Welcome to this week’s blog hop. Today the topic is:
“I write because I don’t know what I think until I read what I say.” – Flannery O’Connor. Authors have many reasons to write. Why do you write what you write?
It all started back in 1969 when at the age of 11 I won an inter-schools’ writing competition. To my surprise, the headmistress called me out in front of the school at assembly time and presented me with a certificate. I’d written about life at home with a budgerigar called Bombhead that my father had taught to curse on cue. The bird was never in its cage, and would flap around my grandmother’s head every time she visited and scare the bejaysus out of her.
I was lucky enough to attend that school and to be encouraged in creative writing. My mother was also a writer and I guess she handed down some of her talent to me. During my twenties and thirties I wrote poetry and the odd short story, but mostly I was too busy raising my sons to write much. It was only in my fifties after the boys had left home that I started writing and self-publishing for a hobby.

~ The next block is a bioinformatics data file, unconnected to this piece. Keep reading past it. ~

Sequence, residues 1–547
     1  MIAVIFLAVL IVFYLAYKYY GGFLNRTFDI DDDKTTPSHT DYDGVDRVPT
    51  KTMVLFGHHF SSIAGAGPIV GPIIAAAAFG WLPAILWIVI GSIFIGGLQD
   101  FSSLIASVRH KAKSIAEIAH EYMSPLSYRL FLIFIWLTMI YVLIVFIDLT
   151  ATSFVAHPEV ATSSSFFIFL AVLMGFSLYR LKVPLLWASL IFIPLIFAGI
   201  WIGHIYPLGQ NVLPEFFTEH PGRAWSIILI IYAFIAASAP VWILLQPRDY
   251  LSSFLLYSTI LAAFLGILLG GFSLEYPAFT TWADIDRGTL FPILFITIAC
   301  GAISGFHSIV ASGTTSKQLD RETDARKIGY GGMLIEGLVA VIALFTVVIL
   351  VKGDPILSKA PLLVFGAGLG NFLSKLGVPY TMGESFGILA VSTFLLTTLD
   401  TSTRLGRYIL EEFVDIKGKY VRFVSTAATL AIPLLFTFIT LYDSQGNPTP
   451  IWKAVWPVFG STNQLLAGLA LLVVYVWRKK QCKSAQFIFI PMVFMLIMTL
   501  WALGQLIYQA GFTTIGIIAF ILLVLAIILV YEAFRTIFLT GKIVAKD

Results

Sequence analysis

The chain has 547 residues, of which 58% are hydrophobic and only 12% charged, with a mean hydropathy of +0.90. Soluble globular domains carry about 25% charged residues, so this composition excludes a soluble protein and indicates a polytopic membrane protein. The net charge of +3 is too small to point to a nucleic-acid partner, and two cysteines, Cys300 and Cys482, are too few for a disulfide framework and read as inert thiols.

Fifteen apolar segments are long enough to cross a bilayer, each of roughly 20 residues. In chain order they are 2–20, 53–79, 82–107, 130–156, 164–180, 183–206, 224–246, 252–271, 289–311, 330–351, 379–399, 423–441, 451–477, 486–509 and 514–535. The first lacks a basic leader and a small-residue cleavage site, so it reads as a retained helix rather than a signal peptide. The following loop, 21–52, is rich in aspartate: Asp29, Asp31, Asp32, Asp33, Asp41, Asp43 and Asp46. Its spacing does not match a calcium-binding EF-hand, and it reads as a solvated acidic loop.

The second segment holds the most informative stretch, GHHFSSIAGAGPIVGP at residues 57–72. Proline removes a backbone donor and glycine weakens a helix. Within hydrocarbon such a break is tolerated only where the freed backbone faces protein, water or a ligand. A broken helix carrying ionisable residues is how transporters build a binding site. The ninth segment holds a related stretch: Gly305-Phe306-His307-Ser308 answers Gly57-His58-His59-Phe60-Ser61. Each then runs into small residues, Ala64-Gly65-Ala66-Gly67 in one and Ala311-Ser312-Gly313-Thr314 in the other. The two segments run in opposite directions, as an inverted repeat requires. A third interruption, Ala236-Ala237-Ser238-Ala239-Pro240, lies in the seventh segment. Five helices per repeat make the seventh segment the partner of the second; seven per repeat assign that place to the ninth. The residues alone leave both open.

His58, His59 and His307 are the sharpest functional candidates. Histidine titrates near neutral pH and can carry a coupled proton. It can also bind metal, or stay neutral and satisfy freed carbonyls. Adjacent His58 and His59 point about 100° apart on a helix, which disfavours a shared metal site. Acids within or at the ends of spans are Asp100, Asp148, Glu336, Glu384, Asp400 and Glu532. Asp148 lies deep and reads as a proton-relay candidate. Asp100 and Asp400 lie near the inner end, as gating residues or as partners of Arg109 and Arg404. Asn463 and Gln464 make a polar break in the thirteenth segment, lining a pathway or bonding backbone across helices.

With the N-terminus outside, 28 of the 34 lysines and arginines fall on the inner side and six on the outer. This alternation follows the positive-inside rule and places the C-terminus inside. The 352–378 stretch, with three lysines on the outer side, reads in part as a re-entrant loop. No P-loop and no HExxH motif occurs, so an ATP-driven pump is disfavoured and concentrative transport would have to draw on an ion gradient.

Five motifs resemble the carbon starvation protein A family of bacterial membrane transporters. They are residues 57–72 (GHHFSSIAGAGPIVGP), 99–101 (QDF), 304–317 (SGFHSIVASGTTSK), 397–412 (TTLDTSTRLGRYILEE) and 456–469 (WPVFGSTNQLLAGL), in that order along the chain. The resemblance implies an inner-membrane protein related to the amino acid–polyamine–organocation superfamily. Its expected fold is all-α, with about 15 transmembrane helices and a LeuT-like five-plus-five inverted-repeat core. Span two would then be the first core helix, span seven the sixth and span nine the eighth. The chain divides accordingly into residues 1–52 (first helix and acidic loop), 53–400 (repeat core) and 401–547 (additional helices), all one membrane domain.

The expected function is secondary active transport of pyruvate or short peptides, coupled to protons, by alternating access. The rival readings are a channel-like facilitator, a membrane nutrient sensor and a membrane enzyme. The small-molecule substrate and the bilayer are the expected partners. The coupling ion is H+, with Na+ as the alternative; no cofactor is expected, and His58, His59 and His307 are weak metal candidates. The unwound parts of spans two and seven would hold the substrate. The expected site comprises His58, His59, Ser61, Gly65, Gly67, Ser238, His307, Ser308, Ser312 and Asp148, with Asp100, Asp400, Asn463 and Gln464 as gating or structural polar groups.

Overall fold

I write about what I know and what interests me. I love writing about human frailties; addictions and family dramas in particular, but I also enjoy reading and writing humorous stories and paranormal tales (the paranormal has been a lifelong interest of mine). I’ve been lucky enough to work in a hospital for 20 years, and have learned much about the human condition through typing thousands of clinic letters dictated by a myriad of consultants covering many different specialties. I think the most interesting letters I’ve ever typed were dictated by psychiatrists.
I’m a realist, and real life interests me, especially what makes us do what we do. I find human behaviour fascinating, and how most of it stems from the kind of childhoods people have had. I’ve incorporated this in ‘The Daughter-in-law Syndrome’, ‘Repent at Leisure’, ‘For the Sake of a Child’ and ‘Mind Games’. I’ve written paranormal novels (‘Finding David’ and ‘Partners in Time’) based on many years of attending demonstrations of clairvoyance, and novels based around work and leisure activities that I have personally taken part in (‘Examining Kitchen Cupboards’ and ‘The Pilates Class).
I write because I love doing it, and also in the hope that readers might enjoy my novels too!
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